“Yes, I know who Judas was,” Douglas spits back. “He was a man I worked for and admired until he disgraced the four stars on his uniform.”

Dramatic as it may be, this conflict isn’t much of a dilemma. The conflict of competing loyalties Kirk Douglas’s character faces is easily resolved. Douglas is right to decide that his loyalty to Lancaster is null once Lancaster has proven himself disloyal to the country. That’s not because of some reverse–E.M. Forster maxim asserting that friends must always be betrayed before country. Rather, the conflict is easily resolved because there is no friendship to betray—theirs is a different sort of relationship, that of leader and subordinate. Lancaster’s mistake is to think that Douglas should be loyal to him on a personal level. But their relationship was established and shaped by the legal structure governing the military. Theirs is a bond forged through the giving and taking of orders, orders that have force because of the oath both men have sworn.

In the book and later the film The Caine Mutiny, a smart, sophisticated, and disgruntled junior Navy officer convinces his credulous comrades that their captain is cracked. Captain Queeg helps in that endeavor by being a bit of a wreck—there’s the nervous fumbling with those steel worry balls, the obsession with phantom strawberries, and the yellow-stained weakness under fire. We end up rooting for the men who take command of the ship in a storm. We find ourselves agreeing that Queeg didn’t deserve to command, and our sentiments are with the mutineers as they stand trial.

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But we’re wrong, and author Herman Wouk means for us to be startled into the realization we’re wrong. In the movie’s climax, the mutineers are celebrating their acquittal. Their lawyer, disgusted with having gotten them off, confronts them: “Queeg came to you guys for help, and you turned him down, didn’t you?” the lawyer says. “He wasn’t worthy of your loyalty. So you turned on him. You made up songs about him. If you’d given Queeg the loyalty he needed, do you suppose the whole issue would have come up in the typhoon?” He then hammers it home: “You don’t work with a captain because you like the way he parts his hair. You work with him because he’s got the job, or you’re no good.”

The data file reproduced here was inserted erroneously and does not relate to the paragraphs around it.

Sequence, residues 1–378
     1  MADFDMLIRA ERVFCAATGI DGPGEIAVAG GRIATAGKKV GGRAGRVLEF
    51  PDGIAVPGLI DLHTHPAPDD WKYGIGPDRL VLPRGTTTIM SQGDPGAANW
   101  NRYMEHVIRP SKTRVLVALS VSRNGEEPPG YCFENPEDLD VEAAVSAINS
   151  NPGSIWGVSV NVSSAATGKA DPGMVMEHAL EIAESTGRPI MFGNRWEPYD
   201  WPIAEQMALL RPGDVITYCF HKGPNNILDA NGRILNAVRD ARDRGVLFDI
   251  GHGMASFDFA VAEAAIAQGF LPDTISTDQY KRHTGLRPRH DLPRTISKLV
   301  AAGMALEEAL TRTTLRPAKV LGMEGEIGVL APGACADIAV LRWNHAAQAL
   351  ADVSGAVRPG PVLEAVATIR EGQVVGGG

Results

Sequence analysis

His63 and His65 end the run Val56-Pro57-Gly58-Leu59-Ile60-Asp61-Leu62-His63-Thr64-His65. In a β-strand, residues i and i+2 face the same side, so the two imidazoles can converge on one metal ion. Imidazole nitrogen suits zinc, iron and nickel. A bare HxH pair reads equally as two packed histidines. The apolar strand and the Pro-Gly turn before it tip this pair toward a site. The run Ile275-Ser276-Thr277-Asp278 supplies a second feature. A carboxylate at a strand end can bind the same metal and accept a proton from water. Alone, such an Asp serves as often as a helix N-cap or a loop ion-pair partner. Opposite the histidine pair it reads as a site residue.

For all the twists and turns loyalty pretzels itself up with, that blunt statement rings true. We have a visceral response to the disloyal—they’re just no damn good. Still, we can’t escape our ambivalence. As much as we share in the judgment that the disloyal are no-goodniks, we don’t much trust loyalists. We’re leery of company men; and in the political world we deride those whom George Bernard Shaw called “good party people” as unimaginative hacks. They take their loyalty to be a virtue, and we dismiss them for it. We suspect Shaw was right in saying, “In politics there should be no loyalty except to the public good.” But when it comes to endeavors that require some coordinated effort, having everyone act on his own stubborn convictions may not do the public much good.

Whether the endeavor is a ship or the ship of state, there can be no effective leadership without some measure of loyalty. We may not like it—the pitfalls are obvious—but there’s no escaping it. “Leadership,” as political theorist Judith Shklar put it, “for better or worse involves fidelity.”

This article is adapted from Loyalty: The Vexing Virtue, copyright © 2011 by Eric Felten. Reprinted by permission of Simon & Schuster in the May 2011 issue of The Washingtonian.